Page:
This is a story about comfortable fictions and brutal truths--and what life is really like for some people after many months of working from home.

It's about the image that some of us feel compelled to create, and what things actually look like behind the scenes.

Meet Gretchen Goldman. She's a scientist, a mom, and the research director at a nonprofit in Washington. Part of her job involves doing television interviews and briefing lawmakers.

Since the pandemic, she's been doing a lot of it from home. And this week, after one TV interview, she shared some intriguing photos of what it looks like from another, wider angle.

(Her tweet is below; if it doesn't load for some reason, you can see it here.)

Photo 1: Goldman, in a tightly framed shot on television, wearing a professional-looking jacket. It's clear she's doing the interview from home, but the image is one of calm and competence.

Photo 2: Goldman, but from a wider, side view. She's sitting on what looks like a kitchen chair, with her laptop perched on another chair, which is in turn stacked on top of a coffee table. She's wearing shorts, and the fact that she's the mom to two young children is instantly clear, since the room is filled with toys.

"I felt like I wanted to be honest about the situation," Goldman told me in an interview afterward. "Parents, and especially moms, are struggling right now. It's really hard."

I've written a bit lately about how entire academic careers will likely be made on the backs of the sudden, global, hacked-together, work-from-home experiment we've all been conducting together.

Sure, there have always been opinions and anecdotal evidence, but up until this year, we just never had data available to study whether working from home could be as productive or satisfying as working in an office.

Even when some people were able to identify groups to study, they skewed toward certain types of setups: younger workers, and those  whose jobs didn't really require collaboration with others.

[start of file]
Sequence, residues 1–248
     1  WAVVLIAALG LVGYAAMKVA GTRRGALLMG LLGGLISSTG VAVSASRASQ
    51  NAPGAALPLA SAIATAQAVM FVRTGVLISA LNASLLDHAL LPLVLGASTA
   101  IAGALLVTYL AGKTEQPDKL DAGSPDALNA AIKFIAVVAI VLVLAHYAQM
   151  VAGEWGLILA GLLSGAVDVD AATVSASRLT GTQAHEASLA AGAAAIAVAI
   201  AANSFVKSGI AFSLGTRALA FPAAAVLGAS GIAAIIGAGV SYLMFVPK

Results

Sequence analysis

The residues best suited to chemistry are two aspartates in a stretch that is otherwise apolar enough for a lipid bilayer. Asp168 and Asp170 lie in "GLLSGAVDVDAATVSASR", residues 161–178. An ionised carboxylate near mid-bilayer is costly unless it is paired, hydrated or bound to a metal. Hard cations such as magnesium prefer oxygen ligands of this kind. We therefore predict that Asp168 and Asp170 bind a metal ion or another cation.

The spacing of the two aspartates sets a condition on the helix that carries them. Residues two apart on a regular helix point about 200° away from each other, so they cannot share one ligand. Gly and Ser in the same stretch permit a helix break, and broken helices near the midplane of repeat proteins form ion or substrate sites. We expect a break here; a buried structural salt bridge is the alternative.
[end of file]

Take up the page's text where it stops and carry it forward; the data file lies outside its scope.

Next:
But now take a look at how Goldman's photos struck a chord, with thousands of comments and nearly 300,000 people reacting. 

We're all with her, one way or another. Most of us are doing some version of this. We all have to laugh.

Goldman, who works for the  Union of Concerned Scientists, told me she's heard from people who spent a lot of time analyzing the wider-angle photo, deducing where she went to college and where she's traveled based on things in the room. It's funny.

But also: Maybe laughing along isn't always the right reaction. Or at least, not the only one.

Frankly this is the direction my own emotions went in, the more I thought about the photos, and why they resonate. It's clearly how Goldman feels, too--honest humor, but coupled with increasing anger.

"Our leaders should be doing more to address this situation, and I'm actually very angry that it's not even in the national conversation," Goldman told me, adding: "Our entire support networks have been pulled from under us. And we're just expected to go on, day-to-day, as if nothing is different, and it's total crap."

A lot of people deserve a lot of credit for the way we've managed to keep going. And those who've had a hard time keeping up deserve only sympathy.

But you know what makes working from home harder? It starts with the fact that for most of us, neither our lives nor our homes were designed for work. 

Maybe it's time we at least admitted that. And, maybe we can also insist on a better solution.